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Optoma MovieTime DV10 review: Optoma MovieTime DV10

A portable all-in-one DVD player and projector with excellent image quality.

Siddharth Raja
3 min read

Cinema style projectors are still a rarity in most homes. The introduction of models such as Optima's all-in-one DV10 MovieTime should help change all that. The DV10 combines a DLP projector, DVD player and speakers all in the same package, and is perfectly suited for entertainment or office presentations.


Optoma MovieTime DV10

The Good

Excellent images. Integrated DVD. Optical audio output.

The Bad

Complicated menu system. Gets hot during operation. Noisy DVD player. Cannot display full resolution HD.

The Bottom Line

A portable all-in-one DVD player and projector with excellent image quality.

The key to the DV10's brilliance is its portability and ease of use. Just place it in front of a screen, plug in the power, then pop in a DVD and hit play. The fairly compact unit weighs 3.75 kilograms but includes an integrated DVD player with a full digital connection and a pair of speakers. Inside, you'll find Texas Instrument's DarkChip2 DLP circuit with a native resolution of 854x480. This falls short of the HD standard, although the DV10 can still accept HDTV input signals. Also, the projector features a short throw lens, which attempts to create the largest possible image even when placed right up close to the screen.

The relatively short 1.11:1 zoom was disappointing because adjusting the screen size further required us to move the entire unit back and forth. The DV10's curvaceous black and white shell makes it stand out against the multitude of boxy designs on the market. On the base of the unit you'll find threaded feet that can be adjusted for levelling the image and moving its height. At the top are several backlit buttons around the flip-top DVD player's lid, while power and AV connections are found at the rear.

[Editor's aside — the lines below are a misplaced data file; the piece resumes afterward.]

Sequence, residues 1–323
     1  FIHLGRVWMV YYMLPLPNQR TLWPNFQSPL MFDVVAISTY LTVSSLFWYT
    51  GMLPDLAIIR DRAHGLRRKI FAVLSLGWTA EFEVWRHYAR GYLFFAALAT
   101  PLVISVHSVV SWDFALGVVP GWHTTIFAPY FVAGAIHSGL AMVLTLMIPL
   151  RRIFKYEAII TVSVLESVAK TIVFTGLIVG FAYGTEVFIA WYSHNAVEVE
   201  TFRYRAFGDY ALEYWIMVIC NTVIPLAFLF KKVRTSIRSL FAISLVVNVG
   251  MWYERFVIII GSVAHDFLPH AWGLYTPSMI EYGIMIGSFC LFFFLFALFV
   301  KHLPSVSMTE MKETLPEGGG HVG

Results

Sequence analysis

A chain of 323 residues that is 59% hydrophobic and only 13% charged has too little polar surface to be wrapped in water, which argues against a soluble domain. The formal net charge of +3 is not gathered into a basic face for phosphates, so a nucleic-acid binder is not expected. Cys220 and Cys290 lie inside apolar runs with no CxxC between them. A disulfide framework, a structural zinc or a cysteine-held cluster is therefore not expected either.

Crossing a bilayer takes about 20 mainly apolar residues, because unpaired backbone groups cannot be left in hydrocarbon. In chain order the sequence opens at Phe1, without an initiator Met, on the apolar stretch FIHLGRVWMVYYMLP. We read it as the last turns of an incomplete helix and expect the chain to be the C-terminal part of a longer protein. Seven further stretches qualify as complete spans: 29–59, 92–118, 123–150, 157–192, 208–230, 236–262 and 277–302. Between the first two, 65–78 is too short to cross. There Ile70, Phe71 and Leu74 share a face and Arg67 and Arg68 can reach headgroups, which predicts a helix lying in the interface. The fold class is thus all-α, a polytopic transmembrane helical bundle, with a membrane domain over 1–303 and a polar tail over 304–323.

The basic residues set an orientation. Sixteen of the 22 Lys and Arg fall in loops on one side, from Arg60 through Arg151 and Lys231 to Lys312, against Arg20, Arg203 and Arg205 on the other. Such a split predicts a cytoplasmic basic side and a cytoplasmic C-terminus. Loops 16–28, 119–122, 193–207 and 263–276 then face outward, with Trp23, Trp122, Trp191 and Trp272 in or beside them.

One gripe we had concerned the recessed port for the S-Video input that couldn't fit some of the larger cables on the market. The included remote wasn't backlit but was easier to use than some of the credit card style ones that usually come with projectors.

The DV10 is not limited to just watching DVDs or listening to music. It's possible to hook up an HD set-top box, videogame console or even a PC through the component-video adaptor and RGB port. There's also a standard S-Video and basic composite connection. The integrated DVD player supports several video and audio formats including VCD, SVCD, HDCD as well as MP3, WMA, KodakPhotoCD and JPEG playback. When playing audio files, Optoma has provided an onscreen interface to select different files but don't expect much volume from the built-in 5-watt speakers. We suspect many users will hook up a 5.1 speaker set for DD and DTS surround sound.

Buyers are often turned off by the high cost of projectors, a situation that's made worse considering that the expensive light bulb will need replacement after a while. Further, replacement bulbs can be difficult to find and are often expensive. In the case of the DV10's bulb, which has an ANSI brightness rating of 1000 lumens, expect an average lifespan of roughly 3000 hours when run in economy mode.

Images are displayed with a 16:9 aspect ratio, which is better suited for watching movies, and can be improved by manually adjusting the number of preset display modes. Both the Movie mode and Image AI settings display excellent images but even these can be improved.

The DV10 has been designed to sit only about 30 cm below the screen. This meant that the projector had to be placed quite low to the ground to accommodate our test screen. When we placed the DV10 roughly three metres away from the screen, the projected image was just under 100 inches across the diagonal. Once you have the correct placement, it's time to play around with the image settings. Unfortunately, this process is made difficult by the unnecessarily complicated menu system.

At least the DV10's image quality is excellent. Pictures were vivid and clear, plus dark scenes came out superbly once the brightness levels were toned down. However, we did have some quibbles. Lower resolution images didn't fare so well when displayed up on the 100 inch screen.

Also, the device gets very hot after extensive use and the DVD player can run a bit noisy sometimes, especially during quiet sequences in a film. Finally, the built-in speakers were loud enough to fill a small room but deteriorated in quality when the volume was turned up.